Fall is upon us, and while you won’t find us on the #PSL (Pumpkin Spice Latte) Instagram tag anytime soon, we’re craving something a little more substantive than the lighter fare—give or take a few expertly grilled steaks—we’ve been living off all summer. Enter the dumpling, the preferred hibernation fuel of nearly every culture on the planet.
Carbs, cheese, and/or meat (vegetables and fruit come into the picture every once in a while, but let’s be real here) are a winning combination, so it’s no surprise dumplings can be found everywhere from Poland to Nepal, to our very own backyard. What is a surprise is just how much room for variety there is in the seemingly simple combination of dough and filling; the dumpling, it turns out, can be anything from a simple street food to a holiday meal to a dim sum staple.
Here we round up ten essential dumplings, from delicate soup-filled vessels to robust hand-held snacks. Either way, you can’t go wrong.
What it is: Soup dumplings, or xiaolongbao, are one of the tastiest and messiest varieties of bao, or steamed bun. Named for the bamboo basket (xiaolong) in which they’re prepared, soup dumplings’ namesake filling is created with aspic, which melts during preparation to create a slurpable filling, along with meat (usually pork). It is best consumed by slurping the soup out first, then eating the rest of the dumpling. (Photo: Flickr/Wally Gobetz)
What it is: Pierogi are quintessential Eastern European dumplings. Many New Yorkers know pierogi as the signature dish of longstanding Ukrainian diner Veselka, though they actually originated in Poland. Consisting of cheese, potatoes, sauerkraut, meat, or even fruit wrapped in a simple, flour-and-water dough, pierogi are served either boiled (good) or fried with onions (better). The result is truly hearty, like only the product of a frigid European winter can be. (Photo: Flickr/stu_spivack)
What it is: Instead of using a traditional dough, papas rellenas are encased in mashed potato, often fortified with potato flour, and then deep-fried, creating a dish that’s more robust than the average meat-stuffed, carb-wrapped confection. Beef, onions, hard-boiled eggs, and olives are typical fillings, often seasoned with cumin and served with aji-based sauce. (Photo: Flickr/Dennis Miyashiro)
What it is: Samosas may be the obvious choice, but Indian cuisine includes dozens of variations on the basic dumpling, including kachori. Originating in the country’s northwest, the kachori is a heavily spiced ball of mung bean-based dal coated in flour that is—what else?—deep-fried, creating an easily handheld snack. (Photo: Cooking with Sapana)
What it is: We’re still in the middle of Jewish High Holidays, so a roundup of dumplings from around the world would not be complete without this Ashkenazi (Eastern European, for the goyim) dish traditionally eaten to celebrate Rosh Hashanah and/or break the fast on Yom Kippur. Filled with meat, potatoes, or cheese, kreplach are frequently served in a soup, wonton-style. (Photo: Flickr/MMChicago)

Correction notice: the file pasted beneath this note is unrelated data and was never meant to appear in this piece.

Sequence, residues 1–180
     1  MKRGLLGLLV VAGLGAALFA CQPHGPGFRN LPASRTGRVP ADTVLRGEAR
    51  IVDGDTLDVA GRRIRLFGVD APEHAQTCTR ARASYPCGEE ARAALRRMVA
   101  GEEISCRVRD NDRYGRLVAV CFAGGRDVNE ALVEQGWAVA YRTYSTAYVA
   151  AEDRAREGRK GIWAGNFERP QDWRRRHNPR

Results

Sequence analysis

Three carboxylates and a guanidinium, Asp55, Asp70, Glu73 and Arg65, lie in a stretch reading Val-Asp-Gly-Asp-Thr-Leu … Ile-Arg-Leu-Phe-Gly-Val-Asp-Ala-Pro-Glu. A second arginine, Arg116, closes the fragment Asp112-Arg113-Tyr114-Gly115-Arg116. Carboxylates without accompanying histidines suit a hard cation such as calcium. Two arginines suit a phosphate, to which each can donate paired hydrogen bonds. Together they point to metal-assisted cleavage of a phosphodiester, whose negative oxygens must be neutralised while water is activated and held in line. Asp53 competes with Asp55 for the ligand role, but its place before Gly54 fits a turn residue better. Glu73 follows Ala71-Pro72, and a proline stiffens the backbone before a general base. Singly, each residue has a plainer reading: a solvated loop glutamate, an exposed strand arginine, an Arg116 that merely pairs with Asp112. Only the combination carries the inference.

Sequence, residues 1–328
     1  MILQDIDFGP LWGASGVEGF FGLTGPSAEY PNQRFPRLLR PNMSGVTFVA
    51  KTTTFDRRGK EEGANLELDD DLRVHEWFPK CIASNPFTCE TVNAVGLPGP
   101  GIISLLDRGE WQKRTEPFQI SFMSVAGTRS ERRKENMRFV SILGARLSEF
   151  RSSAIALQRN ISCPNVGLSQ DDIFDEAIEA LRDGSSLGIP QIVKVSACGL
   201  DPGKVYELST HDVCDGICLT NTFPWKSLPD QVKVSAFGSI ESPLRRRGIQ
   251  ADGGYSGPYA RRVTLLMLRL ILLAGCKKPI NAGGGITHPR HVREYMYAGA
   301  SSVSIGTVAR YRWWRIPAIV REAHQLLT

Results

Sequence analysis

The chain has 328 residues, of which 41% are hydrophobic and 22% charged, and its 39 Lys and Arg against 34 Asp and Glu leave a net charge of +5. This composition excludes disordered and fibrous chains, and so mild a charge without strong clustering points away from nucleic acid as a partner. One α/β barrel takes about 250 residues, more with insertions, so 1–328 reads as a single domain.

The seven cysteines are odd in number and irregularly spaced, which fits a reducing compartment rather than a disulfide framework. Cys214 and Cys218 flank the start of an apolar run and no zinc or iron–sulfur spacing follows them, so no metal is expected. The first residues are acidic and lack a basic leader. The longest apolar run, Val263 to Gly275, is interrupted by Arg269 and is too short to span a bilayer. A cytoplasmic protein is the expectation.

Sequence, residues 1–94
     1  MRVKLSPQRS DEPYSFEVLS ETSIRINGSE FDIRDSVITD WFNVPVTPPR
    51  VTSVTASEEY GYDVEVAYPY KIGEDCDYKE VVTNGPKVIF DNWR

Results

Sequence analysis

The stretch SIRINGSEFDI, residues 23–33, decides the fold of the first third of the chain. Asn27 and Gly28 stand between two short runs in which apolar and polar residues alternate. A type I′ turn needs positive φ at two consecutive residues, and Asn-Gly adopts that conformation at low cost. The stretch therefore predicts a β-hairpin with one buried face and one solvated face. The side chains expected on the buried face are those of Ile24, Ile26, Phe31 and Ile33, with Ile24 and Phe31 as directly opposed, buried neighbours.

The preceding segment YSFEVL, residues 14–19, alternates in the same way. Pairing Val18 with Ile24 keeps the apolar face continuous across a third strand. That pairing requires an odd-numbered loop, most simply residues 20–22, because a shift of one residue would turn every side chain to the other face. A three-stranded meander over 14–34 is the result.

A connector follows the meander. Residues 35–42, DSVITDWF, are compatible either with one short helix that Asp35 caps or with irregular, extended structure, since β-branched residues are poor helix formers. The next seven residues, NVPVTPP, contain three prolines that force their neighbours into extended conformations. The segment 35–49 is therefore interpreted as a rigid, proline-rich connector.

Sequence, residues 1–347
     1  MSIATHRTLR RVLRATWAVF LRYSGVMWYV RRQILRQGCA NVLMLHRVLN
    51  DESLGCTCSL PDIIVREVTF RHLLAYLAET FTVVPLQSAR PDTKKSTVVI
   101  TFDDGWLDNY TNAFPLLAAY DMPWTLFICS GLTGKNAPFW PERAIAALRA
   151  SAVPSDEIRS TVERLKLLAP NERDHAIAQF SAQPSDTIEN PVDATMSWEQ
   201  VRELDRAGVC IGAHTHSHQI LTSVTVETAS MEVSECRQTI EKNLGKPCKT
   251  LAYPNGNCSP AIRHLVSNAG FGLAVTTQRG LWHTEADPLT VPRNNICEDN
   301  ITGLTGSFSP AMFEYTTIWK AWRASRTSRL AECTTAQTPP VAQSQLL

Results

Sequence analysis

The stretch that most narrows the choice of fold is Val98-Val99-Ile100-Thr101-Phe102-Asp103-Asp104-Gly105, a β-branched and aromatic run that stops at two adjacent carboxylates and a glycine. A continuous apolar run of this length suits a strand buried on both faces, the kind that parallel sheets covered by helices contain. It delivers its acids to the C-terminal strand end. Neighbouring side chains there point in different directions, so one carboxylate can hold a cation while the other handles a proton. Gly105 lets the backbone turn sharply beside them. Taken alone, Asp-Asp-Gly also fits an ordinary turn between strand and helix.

What it is: Gyoza are probably what you think of when you hear the word “dumpling”: crescent-shaped, steamed or fried, and along with their Chinese equivalent jiaozi, a staple of takeout menus everywhere. Consequently, they don’t need much introduction, though it bears noting that gyoza’s pork-and-cabbage filling is heavier on the garlic and their wrapping tends to be thinner. (Photo: Flickr/Daniel Go)
What it is: Now popular across nearly all of Latin America, the empanada began in Portugal (as one theory has it) before reaching the Americas via Brazil. Larger than the typical dumpling, a single empanada can serve as a handheld meal, consisting of pastry stuffed with meat or vegetables that vary by region—though in Portugal, chorizo and seafood mixed with a tomato-based sauce are popular choices too. (Photo: Flickr/Renzo Stanley)
What it is: They’re better known as a pasta than a dumpling, but as individually wrapped packages of dough and filling, ravioli make the cut, as do their close relatives tortelloni. Fun fact: the earliest known mention of ravioli dates them at nearly 700 years old! (Photo: Flickr/Jimsideas)
What it is: Likely imported from Tibet, the momo is Nepal’s most popular lunch food, combining elements from Indian and Chinese cuisines that reflects Nepal’s geographic position between the two nations. A steamed bun with white-and-flour dough similar to gyoza or xiaolongbao, momo are frequently filled with paneer or chhurpi cheese as well as goat, buffalo, lamb, or yak meat. (Photo: Some Sojourns)
Chicken and dumplings
What it is: Like gnocchi and most versions of “dumplings” served in the Caribbean, the wads of dough that give this dish half its name aren’t actually filled with anything. But this subgenre of dumpling deserved at least some representation on this list, and what better choice than the thicker, tastier cousin of chicken noodle soup? (Photo: The Cooking Guy)